The award was established by VSOP, the umbrella organization for patients for rare and genetic disorders. De Visser received the award – a bronze statue of an angel – on Tuesday evening at the Royal Netherlands Academy of Arts and Sciences building in Amsterdam.
Estimated in the Netherlands 6 to 8 percent of the population is a rare disease. These are cases that occur in less than one in two thousand people. “Patients with rare diseases often go through years of searching for a diagnosis,” the patients’ association wrote. “During that time, they often feel that they have not been taken seriously enough by their practitioners, who usually assume the average patient.”
The jury commends, among other things, that De Visser has an eye in her production for what it means to live with a rare disorder for patients and their loved ones, as well as for what scientific research and biomedical innovations can mean. It also does so “without raising false expectations”.
Last year, de Visser wrote about Shivan Hassan, who fled Iraq with his family to the Netherlands in the early 1990s in search of medical treatment for a rare skin condition. The skin is so thin that sores and blisters develop. Hopefully, new gene therapy will provide relief.
The jury also mentions the story of Arwen, a one-year-old boy who, after crowdfunding, managed to obtain the most expensive medicine in the world for a rare muscle disease. He passed away at the age of 3, but his loved ones cherish how he recovered after treatment. His mother said De Volkskrant. He learned to talk, we were able to communicate with him, friends came over, and we were about to check out the playgroup at the rehab center. We have memories of him that we never would have had before. He taught us to live with the seasons, he enjoyed nature so much.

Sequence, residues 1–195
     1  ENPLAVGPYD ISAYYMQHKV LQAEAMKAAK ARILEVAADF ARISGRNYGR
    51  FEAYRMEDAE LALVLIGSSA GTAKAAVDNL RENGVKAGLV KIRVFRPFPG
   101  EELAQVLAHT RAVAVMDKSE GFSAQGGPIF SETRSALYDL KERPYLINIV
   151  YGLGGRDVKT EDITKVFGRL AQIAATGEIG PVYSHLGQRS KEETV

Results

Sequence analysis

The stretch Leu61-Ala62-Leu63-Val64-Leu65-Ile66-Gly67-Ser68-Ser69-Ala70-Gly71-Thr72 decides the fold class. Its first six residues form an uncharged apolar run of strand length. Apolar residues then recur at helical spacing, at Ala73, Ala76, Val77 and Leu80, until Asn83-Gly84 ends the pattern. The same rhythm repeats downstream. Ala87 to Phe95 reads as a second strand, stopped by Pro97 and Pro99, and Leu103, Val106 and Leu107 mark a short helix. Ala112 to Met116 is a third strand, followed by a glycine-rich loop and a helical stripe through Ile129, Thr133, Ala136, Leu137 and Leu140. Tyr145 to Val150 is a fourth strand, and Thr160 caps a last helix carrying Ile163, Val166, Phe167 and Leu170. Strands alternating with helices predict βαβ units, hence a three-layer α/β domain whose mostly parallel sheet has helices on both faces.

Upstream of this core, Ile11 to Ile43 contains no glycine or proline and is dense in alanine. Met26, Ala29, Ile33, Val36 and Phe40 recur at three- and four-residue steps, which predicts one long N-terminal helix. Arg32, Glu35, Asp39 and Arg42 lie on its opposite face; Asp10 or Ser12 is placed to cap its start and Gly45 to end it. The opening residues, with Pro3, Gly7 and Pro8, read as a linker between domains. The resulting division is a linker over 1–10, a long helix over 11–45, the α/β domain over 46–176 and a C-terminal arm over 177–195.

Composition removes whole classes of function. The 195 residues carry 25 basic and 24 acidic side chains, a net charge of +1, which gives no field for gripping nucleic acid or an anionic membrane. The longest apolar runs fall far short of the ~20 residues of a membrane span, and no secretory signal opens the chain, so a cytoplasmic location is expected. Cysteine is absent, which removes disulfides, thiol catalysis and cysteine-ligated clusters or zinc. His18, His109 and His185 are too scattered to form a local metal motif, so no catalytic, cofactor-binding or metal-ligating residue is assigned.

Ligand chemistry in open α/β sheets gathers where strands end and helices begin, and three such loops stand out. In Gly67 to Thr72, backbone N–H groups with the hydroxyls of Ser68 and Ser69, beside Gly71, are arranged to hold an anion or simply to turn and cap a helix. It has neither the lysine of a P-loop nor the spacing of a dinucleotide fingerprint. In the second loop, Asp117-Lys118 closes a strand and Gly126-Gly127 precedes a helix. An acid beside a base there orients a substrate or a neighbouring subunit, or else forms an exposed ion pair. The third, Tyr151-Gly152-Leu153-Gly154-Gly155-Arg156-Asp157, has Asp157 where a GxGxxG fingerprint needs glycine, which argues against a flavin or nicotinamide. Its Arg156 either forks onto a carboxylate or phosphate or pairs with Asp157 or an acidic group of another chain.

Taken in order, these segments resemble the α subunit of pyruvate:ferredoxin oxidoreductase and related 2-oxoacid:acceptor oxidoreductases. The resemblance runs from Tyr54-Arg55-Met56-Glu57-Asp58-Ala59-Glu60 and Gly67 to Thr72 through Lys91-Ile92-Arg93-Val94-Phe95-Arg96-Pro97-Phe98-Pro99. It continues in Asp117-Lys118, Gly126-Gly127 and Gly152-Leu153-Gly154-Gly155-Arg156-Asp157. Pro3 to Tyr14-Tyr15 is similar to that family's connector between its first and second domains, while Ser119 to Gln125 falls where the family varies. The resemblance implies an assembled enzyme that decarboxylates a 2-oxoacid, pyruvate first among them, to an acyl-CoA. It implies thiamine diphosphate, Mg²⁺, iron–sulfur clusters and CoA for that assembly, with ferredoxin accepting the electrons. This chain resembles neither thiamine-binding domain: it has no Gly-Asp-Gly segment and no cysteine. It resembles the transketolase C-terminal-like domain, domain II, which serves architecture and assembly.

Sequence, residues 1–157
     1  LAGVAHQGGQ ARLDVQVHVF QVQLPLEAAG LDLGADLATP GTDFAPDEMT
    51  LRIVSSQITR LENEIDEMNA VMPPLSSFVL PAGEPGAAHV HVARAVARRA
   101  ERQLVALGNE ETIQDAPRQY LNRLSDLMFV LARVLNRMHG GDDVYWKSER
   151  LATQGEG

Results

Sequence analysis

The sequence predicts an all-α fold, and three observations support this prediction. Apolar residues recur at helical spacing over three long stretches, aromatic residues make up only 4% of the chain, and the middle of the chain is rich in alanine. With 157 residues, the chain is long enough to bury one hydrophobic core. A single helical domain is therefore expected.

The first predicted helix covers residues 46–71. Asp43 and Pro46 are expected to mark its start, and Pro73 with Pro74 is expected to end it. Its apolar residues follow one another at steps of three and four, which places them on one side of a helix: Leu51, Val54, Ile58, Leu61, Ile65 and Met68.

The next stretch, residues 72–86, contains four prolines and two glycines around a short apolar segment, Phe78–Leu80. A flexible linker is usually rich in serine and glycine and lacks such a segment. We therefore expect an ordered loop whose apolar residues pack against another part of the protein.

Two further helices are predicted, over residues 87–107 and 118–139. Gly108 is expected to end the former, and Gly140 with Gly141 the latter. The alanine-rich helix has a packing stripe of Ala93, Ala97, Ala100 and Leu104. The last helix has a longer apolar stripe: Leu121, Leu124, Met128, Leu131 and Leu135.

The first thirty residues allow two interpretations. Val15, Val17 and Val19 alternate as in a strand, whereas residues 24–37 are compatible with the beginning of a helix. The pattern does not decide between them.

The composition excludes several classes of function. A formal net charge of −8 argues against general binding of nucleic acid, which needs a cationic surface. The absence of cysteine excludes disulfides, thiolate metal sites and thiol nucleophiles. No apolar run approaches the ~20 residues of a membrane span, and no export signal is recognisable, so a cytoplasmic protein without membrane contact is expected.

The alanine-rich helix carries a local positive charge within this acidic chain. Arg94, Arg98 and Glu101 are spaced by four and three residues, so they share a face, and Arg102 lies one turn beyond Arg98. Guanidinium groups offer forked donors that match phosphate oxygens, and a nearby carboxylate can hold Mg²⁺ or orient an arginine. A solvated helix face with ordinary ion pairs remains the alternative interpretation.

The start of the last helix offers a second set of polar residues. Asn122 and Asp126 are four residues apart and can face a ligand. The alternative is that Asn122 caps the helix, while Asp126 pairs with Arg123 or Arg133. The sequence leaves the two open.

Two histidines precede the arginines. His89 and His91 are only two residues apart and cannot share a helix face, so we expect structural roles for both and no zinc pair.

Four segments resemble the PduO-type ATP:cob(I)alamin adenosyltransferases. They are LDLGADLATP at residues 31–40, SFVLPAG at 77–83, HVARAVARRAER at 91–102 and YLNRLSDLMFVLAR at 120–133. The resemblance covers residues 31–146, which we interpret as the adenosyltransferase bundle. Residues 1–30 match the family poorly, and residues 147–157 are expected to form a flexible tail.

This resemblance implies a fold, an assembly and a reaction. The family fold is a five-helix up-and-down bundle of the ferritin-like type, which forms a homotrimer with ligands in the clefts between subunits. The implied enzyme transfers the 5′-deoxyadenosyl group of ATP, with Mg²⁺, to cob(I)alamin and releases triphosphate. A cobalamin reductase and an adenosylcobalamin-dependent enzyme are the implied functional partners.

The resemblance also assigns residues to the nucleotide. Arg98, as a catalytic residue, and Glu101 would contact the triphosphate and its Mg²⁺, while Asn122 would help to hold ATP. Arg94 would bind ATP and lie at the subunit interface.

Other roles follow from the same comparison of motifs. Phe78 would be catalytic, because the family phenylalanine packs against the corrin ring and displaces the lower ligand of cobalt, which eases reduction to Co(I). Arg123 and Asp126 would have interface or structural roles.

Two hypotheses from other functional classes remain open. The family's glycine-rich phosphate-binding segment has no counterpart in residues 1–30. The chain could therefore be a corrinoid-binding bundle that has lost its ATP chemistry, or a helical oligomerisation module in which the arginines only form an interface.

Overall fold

Patients, relatives and caregivers
Patients (or their loved ones), healthcare providers, and journalists can win a Rare Angel Award. In the media category, TV shows won, among others, previously You will get it (BNN-Vara) and Diagnosis required (RTL). Previous award recipients include Suzanne Passmans, pediatric dermatologist at Radboud UMC, and physiotherapist Piet de Kleijn, who specializes in hemophilia. In the ‘Patients and Relatives’ category, the award previously went to Mieke van Leeuwen, who has been active for more than forty years as an employee and volunteer in patient organizations for people with very rare syndromes and intellectual disability.
“Twitter junkie. Lifelong communicator. Award-winning analyst. Subtly charming internetaholic.”